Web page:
Indonesian Environment Minister Seeks To Extend Ban On Licences For Forest Use


Reuters reports that Indonesia’s Environment Minister, Siti Nurbaya Bakar, would like to make the current moratorium on issuing new licences to use land designated as peatland or primary forest permanent. Reuters states that the moratorium was created in 2011 and covered 66 million hectares by November 2016. President Joko Widodo has extended the moratorium for the third time in May, as Indonesia attempts to reduce the emissions caused by burning down the forest. Indonesia often has forest fires in the dry season due to the draining of peatland forest and land clearance which is often used for products such as palm oil. The smoke from the fires often extends beyond Indonesia’s borders and into Singapore and Malaysia. Reuters reports this is causing poor visibility and creating a health hazard.

“So far its only been extended, and extended again. I want a permanent [moratorium],” Nurbaya Bakar said. “Our primary forest cannot be cleared out.” These concerns are important for the sustainable future of all nations. It is harder for developing nations who often need the investment and support of wealthier countries and then must sacrifice their resources. The leadership of these countries must stay strong in defending the best interests of their citizens, both now and in the future. As mentioned above there are already concerns around the health impacts these activities have on citizens in Indonesia but also in neighbouring countries.

The extension of the current moratorium is a positive action by the Government of Indonesia. It indicates a commitment to cleaning the country and not being exploited by big business. However, a permanent ban would be beneficial for the country as it would remove any doubt that may arise when there is a change in leadership. The temptation to grant permits to big business is complex, as the country would also benefit from the capital injection from such a deal. This is why it is important to think long-term in relation to these issues. As Nurbaya Bakar said, the primary forest cannot be cleared out. If that were to happen Indonesia would become more vulnerable to the climate events they are currently facing and also would lack the ability to sustain themselves in the future. These are the considerations that governments need to be making now, as the environment is in a delicate state and it would not need a large event to tip it past the point of no return. Once a primary forest is cleared it would take decades to reinstate. During that time, the country would face extreme weather conditions and would likely collapse financially as citizens would be unable to produce anything for themselves and would have no certainty.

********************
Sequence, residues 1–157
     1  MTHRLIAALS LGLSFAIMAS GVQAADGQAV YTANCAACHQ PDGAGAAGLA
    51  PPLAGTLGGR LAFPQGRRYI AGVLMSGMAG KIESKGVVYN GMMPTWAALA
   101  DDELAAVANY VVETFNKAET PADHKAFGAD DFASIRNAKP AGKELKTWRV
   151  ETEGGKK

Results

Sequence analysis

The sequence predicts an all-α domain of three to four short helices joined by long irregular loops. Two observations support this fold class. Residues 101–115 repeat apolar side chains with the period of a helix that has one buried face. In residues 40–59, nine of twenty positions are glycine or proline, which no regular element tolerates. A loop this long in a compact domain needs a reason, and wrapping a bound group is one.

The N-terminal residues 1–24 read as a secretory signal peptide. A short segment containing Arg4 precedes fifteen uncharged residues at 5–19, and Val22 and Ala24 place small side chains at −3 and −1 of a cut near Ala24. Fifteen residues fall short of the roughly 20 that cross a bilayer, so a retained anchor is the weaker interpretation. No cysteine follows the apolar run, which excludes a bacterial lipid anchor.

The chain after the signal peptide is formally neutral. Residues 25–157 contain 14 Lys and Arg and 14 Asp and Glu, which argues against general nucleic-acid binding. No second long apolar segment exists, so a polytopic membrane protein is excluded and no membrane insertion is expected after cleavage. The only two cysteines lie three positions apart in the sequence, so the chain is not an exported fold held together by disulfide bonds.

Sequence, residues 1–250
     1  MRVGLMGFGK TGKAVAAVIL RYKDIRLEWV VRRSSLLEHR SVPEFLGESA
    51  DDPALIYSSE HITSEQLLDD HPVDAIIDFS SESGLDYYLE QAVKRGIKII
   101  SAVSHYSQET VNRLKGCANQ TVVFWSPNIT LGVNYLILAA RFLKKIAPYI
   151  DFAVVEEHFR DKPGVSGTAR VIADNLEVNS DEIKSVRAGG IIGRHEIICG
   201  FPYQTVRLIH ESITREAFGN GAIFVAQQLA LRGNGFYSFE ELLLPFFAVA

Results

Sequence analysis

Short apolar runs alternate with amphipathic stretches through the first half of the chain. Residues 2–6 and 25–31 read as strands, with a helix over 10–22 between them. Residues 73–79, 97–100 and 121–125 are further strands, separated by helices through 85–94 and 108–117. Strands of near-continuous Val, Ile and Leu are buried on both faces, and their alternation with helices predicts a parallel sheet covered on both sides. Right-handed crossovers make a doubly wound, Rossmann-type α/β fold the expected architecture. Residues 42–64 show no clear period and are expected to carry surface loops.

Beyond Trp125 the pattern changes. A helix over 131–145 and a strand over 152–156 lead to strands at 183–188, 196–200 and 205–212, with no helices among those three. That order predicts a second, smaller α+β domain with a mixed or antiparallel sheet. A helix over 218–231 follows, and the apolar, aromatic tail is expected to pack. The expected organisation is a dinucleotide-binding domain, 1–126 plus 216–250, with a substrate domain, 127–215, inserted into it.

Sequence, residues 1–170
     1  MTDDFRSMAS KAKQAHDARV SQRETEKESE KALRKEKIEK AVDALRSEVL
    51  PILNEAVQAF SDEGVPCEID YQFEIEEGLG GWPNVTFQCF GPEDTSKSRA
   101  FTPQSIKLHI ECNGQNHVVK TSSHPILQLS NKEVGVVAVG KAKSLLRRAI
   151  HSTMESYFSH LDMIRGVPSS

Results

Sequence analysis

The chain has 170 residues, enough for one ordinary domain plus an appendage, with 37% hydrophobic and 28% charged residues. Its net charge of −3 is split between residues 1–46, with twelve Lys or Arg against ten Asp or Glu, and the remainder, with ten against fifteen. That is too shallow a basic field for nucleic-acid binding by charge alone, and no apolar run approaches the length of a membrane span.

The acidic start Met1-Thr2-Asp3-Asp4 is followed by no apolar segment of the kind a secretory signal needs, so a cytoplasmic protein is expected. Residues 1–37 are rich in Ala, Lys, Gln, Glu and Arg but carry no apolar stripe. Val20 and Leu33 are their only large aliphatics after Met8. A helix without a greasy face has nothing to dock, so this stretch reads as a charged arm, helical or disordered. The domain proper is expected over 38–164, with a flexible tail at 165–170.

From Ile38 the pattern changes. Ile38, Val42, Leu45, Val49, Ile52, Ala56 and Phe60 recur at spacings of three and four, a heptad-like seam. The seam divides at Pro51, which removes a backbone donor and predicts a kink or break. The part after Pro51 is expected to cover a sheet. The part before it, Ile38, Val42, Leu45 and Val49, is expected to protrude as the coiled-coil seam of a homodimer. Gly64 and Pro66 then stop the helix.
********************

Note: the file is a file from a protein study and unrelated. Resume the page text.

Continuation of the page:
The protection of forest and peatland in Indonesia will have benefits for the country far into the future. In order to ensure there is a future for a country, leaders must ensure they have consideration of the future in all decisions that are made today. It might be easier to justify accepting large financial assistance for a developing nation, rather than protecting forest and peatland that appears to be everywhere. However, before long the fears of Nurbaya Bakar would be realised and there would be no primary forests in the nation. The permanent ban Nurbaya Bakar calls for would be the next step forward in a plan for the sustainable security of the future.